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Happy Now?

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Apparently, for decades the Government has been focusing on the wrong measure to determine its policies and to assess their success. It is not GDP which demonstrates how well we are doing, but "happiness". Some people who know me might say I am not best qualified to give a view on "happiness" (miserableness, now that's another thing altogether), but I have never let a lack of knowledge on a subject preventing me from expressing an opinion on it so my views are these.

First, happiness, much like pain, has a threshold. Some people are naturally content with their lot, whatever life may throw at them, while others often more privileged and with significantly less to worry about, are never satisfied and always seen to hanker for something (usually precisely the thing they don't need and shouldn't get). If you are doing a survey, what happens if the results are skewed by finding a lot of the former (or indeed the latter) people? We might totally misjudge how happy we are as a nation which in turn could lead us in a very different and misplaced direction in terms of our policies.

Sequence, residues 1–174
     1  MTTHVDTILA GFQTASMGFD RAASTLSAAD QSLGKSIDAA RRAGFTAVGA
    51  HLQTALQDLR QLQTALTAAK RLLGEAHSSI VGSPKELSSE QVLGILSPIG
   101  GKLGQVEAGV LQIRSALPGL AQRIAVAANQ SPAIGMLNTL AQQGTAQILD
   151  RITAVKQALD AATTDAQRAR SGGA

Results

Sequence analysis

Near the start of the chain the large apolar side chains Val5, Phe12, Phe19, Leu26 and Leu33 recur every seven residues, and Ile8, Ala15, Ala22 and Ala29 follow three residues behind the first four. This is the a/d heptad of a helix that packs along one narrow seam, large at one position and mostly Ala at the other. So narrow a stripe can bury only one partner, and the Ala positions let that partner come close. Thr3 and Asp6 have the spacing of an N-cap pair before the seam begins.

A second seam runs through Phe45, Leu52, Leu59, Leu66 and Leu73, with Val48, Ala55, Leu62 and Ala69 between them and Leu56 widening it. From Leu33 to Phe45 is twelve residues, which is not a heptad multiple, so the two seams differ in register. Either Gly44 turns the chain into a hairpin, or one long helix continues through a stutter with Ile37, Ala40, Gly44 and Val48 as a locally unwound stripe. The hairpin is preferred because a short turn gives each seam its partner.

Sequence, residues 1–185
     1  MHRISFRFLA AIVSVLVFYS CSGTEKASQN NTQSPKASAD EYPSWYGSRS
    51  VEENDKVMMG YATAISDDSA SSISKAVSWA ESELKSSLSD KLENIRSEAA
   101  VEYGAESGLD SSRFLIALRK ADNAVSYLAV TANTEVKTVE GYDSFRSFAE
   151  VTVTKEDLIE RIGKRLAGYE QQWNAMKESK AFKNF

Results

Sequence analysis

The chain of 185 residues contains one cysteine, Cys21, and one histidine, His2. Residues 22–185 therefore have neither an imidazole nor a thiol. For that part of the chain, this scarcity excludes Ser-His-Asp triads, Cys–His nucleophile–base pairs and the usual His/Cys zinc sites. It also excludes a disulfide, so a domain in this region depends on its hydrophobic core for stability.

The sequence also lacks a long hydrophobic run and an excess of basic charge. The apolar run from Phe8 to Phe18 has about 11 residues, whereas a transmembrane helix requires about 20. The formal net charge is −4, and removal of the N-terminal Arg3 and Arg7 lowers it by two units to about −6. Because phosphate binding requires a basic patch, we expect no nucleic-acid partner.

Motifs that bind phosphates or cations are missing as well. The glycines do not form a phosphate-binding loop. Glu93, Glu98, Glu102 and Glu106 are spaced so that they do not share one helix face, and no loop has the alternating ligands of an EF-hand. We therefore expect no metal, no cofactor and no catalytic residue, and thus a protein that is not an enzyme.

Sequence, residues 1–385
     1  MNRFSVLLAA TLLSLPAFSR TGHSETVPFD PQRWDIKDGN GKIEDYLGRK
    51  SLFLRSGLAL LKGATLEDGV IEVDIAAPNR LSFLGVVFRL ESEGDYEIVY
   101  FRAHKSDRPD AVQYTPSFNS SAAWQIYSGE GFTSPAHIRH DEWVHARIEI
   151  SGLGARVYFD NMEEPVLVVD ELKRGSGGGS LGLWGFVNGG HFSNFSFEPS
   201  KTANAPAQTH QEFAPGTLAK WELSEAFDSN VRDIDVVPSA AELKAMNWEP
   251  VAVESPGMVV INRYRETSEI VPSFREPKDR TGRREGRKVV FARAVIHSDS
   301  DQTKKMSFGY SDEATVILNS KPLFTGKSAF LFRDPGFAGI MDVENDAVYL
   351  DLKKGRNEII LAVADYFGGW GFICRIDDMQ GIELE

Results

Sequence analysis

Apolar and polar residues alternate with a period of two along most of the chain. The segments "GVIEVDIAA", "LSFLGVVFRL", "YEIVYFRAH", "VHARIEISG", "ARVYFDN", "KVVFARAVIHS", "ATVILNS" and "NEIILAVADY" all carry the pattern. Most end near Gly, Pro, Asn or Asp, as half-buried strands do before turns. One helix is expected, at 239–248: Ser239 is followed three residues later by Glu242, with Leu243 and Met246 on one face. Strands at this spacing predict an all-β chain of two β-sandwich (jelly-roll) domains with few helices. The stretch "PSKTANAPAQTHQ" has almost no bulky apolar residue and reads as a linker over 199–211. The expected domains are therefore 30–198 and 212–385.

Secondly, how do you judge "happiness" anyway? Isn't it so abstract a concept that trying to measure it is meaningless (and if I am honest, my level of happiness fluctuates hugely over the course of a day, never mind a week, and ask me if my football team has won or lost and you are likely to get wildly different responses). If happiness does fluctuate and is often transient doesn't that again make it impossible to draw meaningful conclusions?

As an aspiration, I cannot fault the ambition to improve and increase our overall happiness. Having said that, while GDP (for example) is a crude measure of progress because it operates at only a national level, it is precisely progress that we are trying to measure. I am all in favour of ensuring that what we test is relevant, but I think that needs to stay firmly based on objective criteria, rather than on the subjective and not necessarily reliable feeling of a small group of interviewees. Now about that test for miserableness...

Posted: 02/04/2014 09:45:34
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